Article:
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While working on some plugins for the new Seesmic Desktop Platform I got sick of copying and pasting some boiler plate code over and over.  I had created some helper templates for myself so that I could say File…New Seesmic Desktop Plugin and get everything I needed initially.  This weekend I had some time and formalized those templates into an easy-to-use installer for anyone to consume. 

NOTE: It is likely that Seesmic themselves will create developer project/item templates…these were for my own use and I shared them on the Seesmic Desktop Platform developer forum for anyone to benefit from (or ignore).  They are not the official templates from Seesmic.

Prior to VS2010 you could create what is called a Visual Studio Community Content Installer…which is a .VSI file that installs things like snippets, etc.  And actually you can still do that today.  The process is manual and involves a few XML manifest files, zipping up the contents and renaming it to .VSI (the VSI is just a ZIP format).  It isn’t hard, but isn’t painless as well – it’s a lot of manual steps.

Enter VS2010 and the Visual Studio SDK.  First, the items I am describing below require you to have the VS2010 SDK installed.  It is NOT installed by default.  Visual Studio 2010 has a file format called VSIX which is basically a Visual Studio Extension (VSX was already taken by Visio).  This extension format is intended to be a one-stop installer format for all things extensible.  Things like add-ins, etc.  But it can also be used for simple things like Item and Project template types.  Here’s what I did.

1. Starting the project

After you have VS2010 SDK installed, choose File…New VSIX Project

VSIX Project

Note that this is under a language area (C# or Visual Basic).  This is because there is some assumption that you are creating more than just a template deployer…but just note that.  In my instance it actually didn’t matter what language area I chose.

2. Removing ‘binary’ packages

By default the VSIX project thinks you are going to be creating code extensions and will package the project’s DLL and PDB files as a part of your extension.  If you are using this process as I was for template extensions, this is not necessary.  There is an easy way of avoiding this.  Open up the csproj file (or vbproj) you just created in notepad and add these lines in the XML file:

   1: <PropertyGroup>
   2:   <CopyBuildOutputToOutputDirectory>false</CopyBuildOutputToOutputDirectory>
   3:   <CopyOutputSymbolsToOutputDirectory>false</CopyOutputSymbolsToOutputDirectory>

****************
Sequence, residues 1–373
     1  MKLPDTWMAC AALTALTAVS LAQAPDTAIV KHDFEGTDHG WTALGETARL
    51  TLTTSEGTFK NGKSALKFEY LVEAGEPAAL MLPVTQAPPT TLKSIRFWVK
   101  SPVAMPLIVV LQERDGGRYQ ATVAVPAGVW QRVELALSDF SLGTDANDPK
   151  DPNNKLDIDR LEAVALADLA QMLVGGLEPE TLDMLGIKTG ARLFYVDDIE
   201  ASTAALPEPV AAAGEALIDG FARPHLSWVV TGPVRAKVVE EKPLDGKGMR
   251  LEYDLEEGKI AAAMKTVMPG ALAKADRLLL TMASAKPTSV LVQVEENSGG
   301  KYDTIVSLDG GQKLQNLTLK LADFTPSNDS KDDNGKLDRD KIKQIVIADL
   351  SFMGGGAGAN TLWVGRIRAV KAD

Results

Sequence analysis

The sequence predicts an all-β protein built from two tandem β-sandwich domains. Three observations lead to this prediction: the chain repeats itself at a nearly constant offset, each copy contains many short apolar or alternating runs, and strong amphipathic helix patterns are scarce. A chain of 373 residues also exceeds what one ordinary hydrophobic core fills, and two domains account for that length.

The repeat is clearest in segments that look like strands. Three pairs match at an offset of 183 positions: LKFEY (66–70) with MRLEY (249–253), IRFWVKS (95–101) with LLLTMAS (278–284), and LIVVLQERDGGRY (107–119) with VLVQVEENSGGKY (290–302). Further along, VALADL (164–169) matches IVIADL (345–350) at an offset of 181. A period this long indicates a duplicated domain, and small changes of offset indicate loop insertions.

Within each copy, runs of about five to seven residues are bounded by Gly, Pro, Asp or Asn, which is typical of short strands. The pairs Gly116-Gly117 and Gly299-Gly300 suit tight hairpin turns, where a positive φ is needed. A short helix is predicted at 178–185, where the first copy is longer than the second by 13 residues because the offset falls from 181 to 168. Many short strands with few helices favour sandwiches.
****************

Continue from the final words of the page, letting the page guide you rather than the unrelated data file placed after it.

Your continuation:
4: </PropertyGroup>

This tells the compiler to not package those types of files into our extension.  I put these below my last PropertyGroup statement in the file.  Save the proj file.  If you return to Visual Studio (and had the project open while making these edits in notepad) you’ll be alerted to reload the project, go ahead and reload baby.

3. Editing the manfiest information

When you create the project it will open up with a dialog that is a visual editor to the core manifest.  This is where you will put your metadata as well as begin to add your content.  Here is a snapshot of mine:

VSIX Manifest Editor

Notice the simple metadata information (name, author, version, etc.).  This is important information that I’d highly recommend to include as you’ll see why in later steps.

Notice the Content area in the bottom.  This is where you’ll add your content.  If you have a blank project you will click the Add Content button and choose the type (in my case Project Template and Item Template) and browse to the file.  Note that this copies that file to this project…not a reference.  So if you change the file outside of this project, you’ll want to update it again.  Do this for each template type you want to deploy.

4. Understanding Path information for templates

Notice my path of my templates:

template path data

This is important because it will determine how the templates are structured in Visual Studio after the user installs them.  My path above results in this:

Installed Templates view

This enables my users to find it under Silverlight as well as the custom branch that I have specified.  This is a helpful tip to your users and provides a more professional look in my opinion.

5.  Building the VSIX file

This step is easy.  F5.  It’s the same build process as any other project type.  The result is a VSIX file.  When the user double-clicks on that (and has Visual Studio installed) they’ll see your dialog: